Thursday, July 3, 2008
Il Palio di Sienna!
So we had the BEST class yet yesterday...! Our instructor took us to Sienna to be a part of one of Italy's oldest traditions, The Palio Horserace.
For those who don't know about this race, it's a tradition that dates back to the mid 1600's, in which each horse represents a different "contrade" or city ward. Similliar to the burrows of Manhatten, but with far deeper roots and tradition. The italians have a lot of pride for their Contrade, and you cannot become part of one by merely living in Sienna. You are either born into it, or are asked to become a member after years of devotion to it.
The entire festival lasts for around 4 days, but we arrived for the best part... THE RACE! As we got to the Duomo, the parade had already begun. Members of the contrade marched the streets donning their tradtional period costumes and carrying their flags. These weren't simple garments whipped up by grandma! I saw probaby some of the most amazing and beautiful costumes, millinary,leather, and armor of my life. (And you KNOW I've seen a lot of costumes!!)
At the end of the square, the flag carriers perform by twirling and tossing their flags in the air choreographed to drumming. This is an important tradition, because before the race begins, each flag carrier tosses their flags in the air, and the one whose flag is the highest is thought to carry good luck with them to win the race.
After the parade in the streets... it was time to crowd into the Piazza to watch the race. Keep in mind, they close the doors at around 5:30-6:00pm and the race doesn't start until 8pm. NO BATHROOMS on the infeild!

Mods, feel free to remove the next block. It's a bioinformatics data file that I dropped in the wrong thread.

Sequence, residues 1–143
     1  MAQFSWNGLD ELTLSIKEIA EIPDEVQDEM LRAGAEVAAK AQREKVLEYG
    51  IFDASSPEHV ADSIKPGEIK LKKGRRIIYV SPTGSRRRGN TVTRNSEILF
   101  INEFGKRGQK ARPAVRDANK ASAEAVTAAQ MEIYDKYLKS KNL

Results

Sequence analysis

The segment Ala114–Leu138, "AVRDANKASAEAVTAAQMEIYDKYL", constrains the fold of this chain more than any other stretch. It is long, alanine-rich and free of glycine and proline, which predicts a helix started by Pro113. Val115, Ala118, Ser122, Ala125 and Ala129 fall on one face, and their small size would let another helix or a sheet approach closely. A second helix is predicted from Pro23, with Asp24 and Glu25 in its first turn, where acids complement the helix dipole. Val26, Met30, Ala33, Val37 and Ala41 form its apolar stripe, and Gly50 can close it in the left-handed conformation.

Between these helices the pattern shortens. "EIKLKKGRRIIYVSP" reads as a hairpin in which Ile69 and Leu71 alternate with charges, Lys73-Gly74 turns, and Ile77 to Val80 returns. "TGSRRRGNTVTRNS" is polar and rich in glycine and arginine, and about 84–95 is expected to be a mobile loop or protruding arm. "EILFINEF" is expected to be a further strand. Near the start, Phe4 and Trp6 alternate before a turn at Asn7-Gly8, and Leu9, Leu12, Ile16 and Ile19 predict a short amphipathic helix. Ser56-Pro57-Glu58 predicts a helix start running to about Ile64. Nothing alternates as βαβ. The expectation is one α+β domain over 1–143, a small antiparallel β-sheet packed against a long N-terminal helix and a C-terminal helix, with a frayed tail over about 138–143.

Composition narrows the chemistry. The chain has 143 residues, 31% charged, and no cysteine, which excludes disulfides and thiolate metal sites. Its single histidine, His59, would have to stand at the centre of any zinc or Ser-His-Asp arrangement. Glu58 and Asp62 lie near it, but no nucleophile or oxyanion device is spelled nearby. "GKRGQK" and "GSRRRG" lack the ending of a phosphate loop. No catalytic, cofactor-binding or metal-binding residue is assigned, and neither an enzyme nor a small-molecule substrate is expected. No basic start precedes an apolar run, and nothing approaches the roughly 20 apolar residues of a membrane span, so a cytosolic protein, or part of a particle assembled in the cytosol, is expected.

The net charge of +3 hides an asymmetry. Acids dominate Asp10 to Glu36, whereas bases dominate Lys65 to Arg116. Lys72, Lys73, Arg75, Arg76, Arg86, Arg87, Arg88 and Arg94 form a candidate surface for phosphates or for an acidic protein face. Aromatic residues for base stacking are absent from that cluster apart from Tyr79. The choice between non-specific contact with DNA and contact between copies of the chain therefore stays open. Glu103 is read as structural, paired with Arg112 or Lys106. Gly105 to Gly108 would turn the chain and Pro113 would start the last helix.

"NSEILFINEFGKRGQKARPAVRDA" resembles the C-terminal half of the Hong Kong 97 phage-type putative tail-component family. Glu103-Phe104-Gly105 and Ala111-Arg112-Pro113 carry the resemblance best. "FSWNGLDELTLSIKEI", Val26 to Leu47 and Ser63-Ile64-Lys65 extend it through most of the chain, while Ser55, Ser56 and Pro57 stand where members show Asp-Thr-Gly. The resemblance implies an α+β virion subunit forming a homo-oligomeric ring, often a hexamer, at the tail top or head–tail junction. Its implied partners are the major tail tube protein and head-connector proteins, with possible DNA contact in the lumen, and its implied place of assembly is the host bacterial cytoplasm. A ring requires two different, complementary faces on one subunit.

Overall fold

But we weren't bored in the slightest, because the parade was only the tip of the pomp & circumstance iceburg. They begin the opening ceremonies with a group of men on horseback in costume, and they make 3 laps around the track...first walking, second trotting, third cantering. This was beautiful!!
After that, each contrade parades around the arena, displaying their prized racehorse (along with all of the other spectacle). It's hard to describe how amazing and different this procession is...I'm so happy I got to witness it!
After all of the spectacle comes to close... it's finally time for the race! But this is no ordinary race...there are no gates, and the horses are lined up at a rope. There are 10 horses, but only 9 line up... and the 10th horse waits in the back. The race only begins when the jockey of the 10th horse calls it. It's known that he usually waits until his rival is unprepared... AND THEIR OFF!
oh yeah... they are BAREBACK!! The race is incredible... 3 riders lost their horses, and to see a free horse running around a track was probably the best part.
As far as my italian experiences thusfar, this has the be the topper. To be a part of a tradition that's older than my own country's birthday... was something to always remember...AND to have that tradition involve horses made it that much sweeter!